The book addresses a number of key questions such as: How does brain activity result in the emotional experience? How do conscious emotional feelings relate to and interact with non-conscious responses to threatening stimuli? Is the human emotional experience a hand over from animal ancestors or a uniquely human condition? How effective are drug-based versus psycho-therapeutic approaches to anxiety disorders? What has been learned about extinguishing anxious responses to threatening stimuli? Needless to say, this book doesn’t answer all the questions, as many of the questions – particularly those regarding consciousness – remain to be definitively answered. It does offer a great overview of the state of understanding in the present day.

I won’t present a chapter by chapter outline, but rather a look at the book’s general flow. LeDoux starts by laying groundwork, and in this case that means clarifying the relationship between fear and anxiety. While the former often captures the imagination because of its dramatic and traumatic causes, the latter is more of a concern as its grinding long-term effects can cripple the immune system and have other adverse effects. The early chapters also discuss what has been learned about how emotions are formed in the brain and how views about this have changed over time.

Chapter five is where LeDoux explores the relationship between animal emotionality and human emotional life. This is an important subject as it relates to the question of whether research with animals can teach us anything relevant to the human experience. As it has become progressively more difficult to conduct any research that causes human subjects any emotional distress, this question may be instrumental to making progress in the field.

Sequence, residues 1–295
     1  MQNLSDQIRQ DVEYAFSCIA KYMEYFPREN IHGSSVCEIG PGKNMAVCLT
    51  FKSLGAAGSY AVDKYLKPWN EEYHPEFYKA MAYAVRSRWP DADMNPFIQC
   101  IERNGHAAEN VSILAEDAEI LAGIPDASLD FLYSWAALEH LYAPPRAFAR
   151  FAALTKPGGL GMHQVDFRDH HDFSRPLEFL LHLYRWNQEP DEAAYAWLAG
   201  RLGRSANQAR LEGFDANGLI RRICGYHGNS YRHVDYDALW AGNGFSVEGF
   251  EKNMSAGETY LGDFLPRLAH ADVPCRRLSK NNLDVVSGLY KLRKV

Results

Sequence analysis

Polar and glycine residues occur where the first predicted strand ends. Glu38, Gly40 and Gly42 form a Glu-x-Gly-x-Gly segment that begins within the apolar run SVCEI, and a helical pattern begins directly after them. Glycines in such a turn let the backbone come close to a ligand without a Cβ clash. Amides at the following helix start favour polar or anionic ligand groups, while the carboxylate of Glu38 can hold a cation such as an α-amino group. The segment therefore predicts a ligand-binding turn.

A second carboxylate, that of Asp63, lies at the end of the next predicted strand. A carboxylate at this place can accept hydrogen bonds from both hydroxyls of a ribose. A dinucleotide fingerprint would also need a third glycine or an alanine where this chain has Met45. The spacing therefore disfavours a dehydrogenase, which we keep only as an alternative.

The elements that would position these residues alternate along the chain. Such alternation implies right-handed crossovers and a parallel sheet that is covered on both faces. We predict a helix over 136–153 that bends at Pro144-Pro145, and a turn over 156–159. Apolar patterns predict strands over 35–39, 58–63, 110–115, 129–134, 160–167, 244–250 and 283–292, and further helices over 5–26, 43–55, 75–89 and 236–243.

Chapters six through eight are interconnected by the question of consciousness. Chapter six discusses the nature of consciousness, which remains one of the most slippery and least understood concepts in the natural world. Chapter seven delves into memory and consciousness – an important topic as anxious responses can be viewed as learned responses and this begs the question of unlearning. Memory will later be revisited with respect to the question of whether it’s possible to erase painful or anxiety-inducing memories (ala, “Eternal Sunshine of the Spotless Mind”) – based on work that came out of LeDoux’s lab – and, if so, whether it’s a good idea. The final consciousness chapter gets into consciousness of emotion, specifically (as opposed to all the other thoughts and feelings of which one can be consciously aware.)

The last three chapters are also interconnected by movement from the question of how is anxiety felt / experienced to the question of what one can do about it. The first of these chapters discusses an epidemic of anxiety (entitled “40 million anxious minds,” and that refers to the US alone) and what has been learned about drug-based treatments. As it happens, drug-based treatments haven’t proven reliably effective, leaving plenty of room for other approaches, e.g. psychotherapy. This fact is the basis for the last two chapters that discuss different approaches to extinguishing the connection between a stimulus and the anxious response. The first of theses chapters (ch.10) is more general and the last chapter dives deep into the research that has been done in recent years. Chapter 11 also offers a nice discussion of how breath exercises and meditation can be instrumental in reducing the adverse effects of anxiety.

As would be expected of a scholarly work, the book is heavily annotated, has an extensive bibliography, and uses a great number of graphics in an attempt to lend clarity.

I would put this work in the same category as the works of Robert Sapolsky. That is to say, it resides in a space between the level of detail usually seen in works of popular science and that which is seen in textbooks for specialists. That is to say, LeDoux does get into some detail and this isn’t a light read for anyone without a heavy-duty background in biological sciences. That said, if you have a basic scientific literacy (and / or don’t care too much about the fine detail), it’s by no means impossibly dense. When it’s not diving into the various brain regions and neuronal pathways, it’s quite readable.

I’d recommend this book for anyone who is interested in a detailed look at how anxiety arises and how it can be quelled.

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BOOK REVIEW: Blue ed. by Ameena Hussein

Blue: The Tranquebar book of Erotic Fiction for Sri LankaBlue: The Tranquebar book of Erotic Fiction for Sri Lanka by Ameena Hussein
My rating: 4 of 5 stars